The Maini Group has been in business for 40 years and develops and produces a whole fleet of electric vehicles for material and people handling. It is known as the “pioneer in India’s first mass-produced green electric car.”  Infosys and Maini partnered to produce an autonomous electric buggy. 

This commercially viable product, launched at India's Wings event, focused on the Civil Aviation sector in March 2020, targeting those airport buggies that rush travelers and luggage to the gate. The product has many other uses in transporting people, for example, across amusement parks and office campuses.

The approach that Infosys took in developing this product is to compartmentalize the problem into two main areas. First, an autonomous mobility platform, a set of technologies that would not only enable self-driving cars but anything that needed to work autonomously. Virtually any mobility; wheels, rails, or freely moving around. One platform – many uses. 

The second was the need for vision sensing resulting in a combination of visible camera images, 2D LIDAR, and 3D LiDAR images. The LiDAR acronym means Light Detection and Ranging. A LiDAR uses a laser beam for detection, analyzing, and tracking purposes. Additionally, GPS gives a sense of not just direction but layout and positioning.

Using the Autonomous mobility and the Vision sensing platform enables the buggy to detect objects, lanes, and curbs for navigation. Safety features include long-range obstacle detection, short-range peripheral obstacle detection, S/W & H/W health monitoring, and emergency stop procedures. Data is not sent to the cloud as decisions need to be real-time.

Infosys and AI

The two examples above demonstrate that AI is more than a buzzword and is delivering business benefits.

I believe that Infosys is a global leader in engineering, consulting, technology, outsourcing, and next-generation services.  Infosys Nia is an artificial intelligence platform that enables a comprehensive set of industry and function-specific solutions and allows customers to build custom experiences specific to business needs. 

Infosys provides a growing portfolio of ready-to-use Infosys AI solutions adapted quickly to specific business needs. It includes an AI store with pre-curated models and datasets, including a catalog of AI models, datasets for training models, and AI services codes. Also available are open-source software and services and products from a consortium of AI startups and established technology vendors.

Infosys Nia, coupled with expertise to educate and train in AI techniques, gives Infosys the platform, services, and skills to deliver business value.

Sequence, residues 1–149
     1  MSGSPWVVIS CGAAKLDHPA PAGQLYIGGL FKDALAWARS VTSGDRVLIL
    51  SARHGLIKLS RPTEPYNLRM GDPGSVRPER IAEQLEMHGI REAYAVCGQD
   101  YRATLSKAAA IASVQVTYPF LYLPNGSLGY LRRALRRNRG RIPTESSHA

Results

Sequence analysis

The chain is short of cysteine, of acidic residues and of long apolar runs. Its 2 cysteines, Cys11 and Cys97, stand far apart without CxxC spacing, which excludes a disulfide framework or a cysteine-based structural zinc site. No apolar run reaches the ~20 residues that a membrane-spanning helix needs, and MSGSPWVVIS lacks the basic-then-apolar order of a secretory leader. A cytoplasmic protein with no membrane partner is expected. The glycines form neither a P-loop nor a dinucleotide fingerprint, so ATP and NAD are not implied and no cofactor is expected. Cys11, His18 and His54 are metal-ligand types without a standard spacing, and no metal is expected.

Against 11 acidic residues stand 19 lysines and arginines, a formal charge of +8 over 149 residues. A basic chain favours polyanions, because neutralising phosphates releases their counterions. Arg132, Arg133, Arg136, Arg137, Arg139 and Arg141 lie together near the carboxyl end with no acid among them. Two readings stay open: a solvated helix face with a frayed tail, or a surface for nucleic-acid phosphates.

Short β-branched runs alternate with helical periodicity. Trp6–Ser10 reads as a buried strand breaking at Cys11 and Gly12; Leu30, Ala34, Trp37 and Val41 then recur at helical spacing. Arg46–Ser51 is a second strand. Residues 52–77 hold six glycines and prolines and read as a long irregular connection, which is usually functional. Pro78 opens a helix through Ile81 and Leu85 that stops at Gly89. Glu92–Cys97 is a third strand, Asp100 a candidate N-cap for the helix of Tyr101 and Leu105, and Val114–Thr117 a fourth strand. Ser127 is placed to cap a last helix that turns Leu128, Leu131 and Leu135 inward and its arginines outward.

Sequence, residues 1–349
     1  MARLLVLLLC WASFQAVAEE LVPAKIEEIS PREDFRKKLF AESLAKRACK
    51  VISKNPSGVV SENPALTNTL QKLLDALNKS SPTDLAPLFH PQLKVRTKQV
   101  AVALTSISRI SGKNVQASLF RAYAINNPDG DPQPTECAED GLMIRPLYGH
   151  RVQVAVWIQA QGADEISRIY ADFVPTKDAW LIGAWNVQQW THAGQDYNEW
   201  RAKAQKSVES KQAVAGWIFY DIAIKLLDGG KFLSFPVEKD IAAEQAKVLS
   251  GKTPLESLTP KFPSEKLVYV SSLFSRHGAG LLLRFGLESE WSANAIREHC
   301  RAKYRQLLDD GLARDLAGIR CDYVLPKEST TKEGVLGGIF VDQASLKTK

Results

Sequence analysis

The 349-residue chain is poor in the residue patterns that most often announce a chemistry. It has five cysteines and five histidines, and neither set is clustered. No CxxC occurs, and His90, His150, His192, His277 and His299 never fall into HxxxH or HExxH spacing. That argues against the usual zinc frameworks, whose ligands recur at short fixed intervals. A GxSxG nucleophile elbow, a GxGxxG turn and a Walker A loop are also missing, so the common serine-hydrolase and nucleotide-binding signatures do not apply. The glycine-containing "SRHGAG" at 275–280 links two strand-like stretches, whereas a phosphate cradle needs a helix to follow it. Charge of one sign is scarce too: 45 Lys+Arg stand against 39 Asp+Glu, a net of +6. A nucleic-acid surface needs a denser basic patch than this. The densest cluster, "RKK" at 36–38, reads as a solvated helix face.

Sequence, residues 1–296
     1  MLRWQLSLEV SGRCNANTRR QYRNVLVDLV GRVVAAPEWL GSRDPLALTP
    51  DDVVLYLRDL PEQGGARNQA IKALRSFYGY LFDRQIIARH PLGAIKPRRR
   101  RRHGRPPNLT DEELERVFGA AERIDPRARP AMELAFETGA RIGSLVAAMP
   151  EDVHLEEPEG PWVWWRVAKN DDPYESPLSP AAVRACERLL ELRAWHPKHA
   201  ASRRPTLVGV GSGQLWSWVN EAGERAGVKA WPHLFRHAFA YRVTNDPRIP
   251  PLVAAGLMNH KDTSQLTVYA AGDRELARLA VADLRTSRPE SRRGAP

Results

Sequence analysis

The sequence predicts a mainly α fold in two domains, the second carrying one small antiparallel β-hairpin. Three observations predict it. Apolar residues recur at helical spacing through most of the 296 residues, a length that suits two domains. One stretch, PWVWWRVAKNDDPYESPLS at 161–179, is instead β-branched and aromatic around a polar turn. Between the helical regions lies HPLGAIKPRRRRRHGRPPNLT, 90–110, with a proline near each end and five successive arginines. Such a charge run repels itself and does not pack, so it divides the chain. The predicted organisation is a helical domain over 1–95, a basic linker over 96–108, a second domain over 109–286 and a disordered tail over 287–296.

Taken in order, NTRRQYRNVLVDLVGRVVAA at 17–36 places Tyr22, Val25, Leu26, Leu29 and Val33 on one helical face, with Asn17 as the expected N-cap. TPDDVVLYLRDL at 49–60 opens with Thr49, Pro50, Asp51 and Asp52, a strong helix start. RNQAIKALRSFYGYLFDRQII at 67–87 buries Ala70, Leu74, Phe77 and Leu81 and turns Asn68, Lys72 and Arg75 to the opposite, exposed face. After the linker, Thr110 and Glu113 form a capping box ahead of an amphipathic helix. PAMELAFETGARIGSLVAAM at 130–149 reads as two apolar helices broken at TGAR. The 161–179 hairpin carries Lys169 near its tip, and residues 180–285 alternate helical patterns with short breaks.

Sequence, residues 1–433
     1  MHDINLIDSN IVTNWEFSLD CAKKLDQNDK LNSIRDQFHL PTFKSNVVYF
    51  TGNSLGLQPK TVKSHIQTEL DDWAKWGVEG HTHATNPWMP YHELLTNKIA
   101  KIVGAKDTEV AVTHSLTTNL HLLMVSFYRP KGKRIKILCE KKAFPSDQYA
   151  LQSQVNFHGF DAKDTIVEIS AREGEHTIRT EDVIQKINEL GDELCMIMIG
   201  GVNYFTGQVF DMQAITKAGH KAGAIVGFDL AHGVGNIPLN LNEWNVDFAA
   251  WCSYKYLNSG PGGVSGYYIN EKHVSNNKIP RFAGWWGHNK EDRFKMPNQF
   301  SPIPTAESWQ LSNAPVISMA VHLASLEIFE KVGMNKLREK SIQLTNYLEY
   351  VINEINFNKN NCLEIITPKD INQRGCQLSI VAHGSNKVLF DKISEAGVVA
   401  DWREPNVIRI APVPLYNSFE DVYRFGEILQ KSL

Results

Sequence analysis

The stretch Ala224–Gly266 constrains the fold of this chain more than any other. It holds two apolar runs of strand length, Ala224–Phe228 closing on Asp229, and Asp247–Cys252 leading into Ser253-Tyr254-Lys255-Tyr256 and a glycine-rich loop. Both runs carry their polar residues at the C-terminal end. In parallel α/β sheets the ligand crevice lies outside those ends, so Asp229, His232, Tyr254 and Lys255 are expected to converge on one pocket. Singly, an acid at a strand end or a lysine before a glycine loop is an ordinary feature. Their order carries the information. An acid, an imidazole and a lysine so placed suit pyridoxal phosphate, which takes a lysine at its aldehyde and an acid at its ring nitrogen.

Wrapping up

AI is integral for companies looking to accelerate digital transformation. The combination of data, cloud, and AI provides a distinct competitive advantage by unearthing new possibilities resulting in tangible business benefits. 

The first example shows how the maritime industry does business is changing based on the introduction of AI. With more technological advances, we will see a digital transformation in vessel maintenance through predictive maintenance.

As I’ve said many times before, I believe fully autonomous vehicles will be one of the most impactful technological innovations in our lifetimes. As the industry grows and autonomous vehicles become more advanced and ubiquitous, there will be an immense market opportunity for those involved in making these automobiles tick. 

Infosys has demonstrated the ability to solve a wide variety of business problems. Imagination only limits the application of AI technologies. 

Other business problems cited by Infosys demonstrates the possibilities: 

  • Improving the order-to-cash process by creating a real-time risk profile to customize the collection strategy, expedite resolving disputes, predicting anomalies, preventing conflicts, and enabling better visibility and forecasting of cash flow to reduce days sales outstanding (DSO). 
  • Predict variability in manufacturing and material cost while also reducing product development cycle times. 
  • Create knowledge models of multiple, complex labor contracts with an on-demand, self-service conversational interface to operationalize the knowledge. 
  • Create a customer profile based on internal and external data sources to help develop targeted messaging, accurately identify upselling and cross-selling opportunities, offer personalized solutions, and improve customer satisfaction. 

And the list goes on. Stay tuned for more interesting examples. 

Note: Moor Insights & Strategy writers and editors may have contributed to this article. 

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Patrick founded the firm based on his real-world world technology experiences with the understanding of what he wasn’t getting from analysts and consultants. Ten years later, Patrick is ranked #1 among technology industry analysts in terms of “power” (ARInsights)  in “press citations” (Apollo Research). Moorhead is a contributor at Forbes and frequently appears on CNBC. He is a broad-based analyst covering a wide variety of topics including the cloud, enterprise SaaS, collaboration, client computing, and semiconductors. He has 30 years of experience including 15 years of executive experience at high tech companies (NCR, AT&T, Compaq, now HP, and AMD) leading strategy, product management, product marketing, and corporate marketing, including three industry board appointments.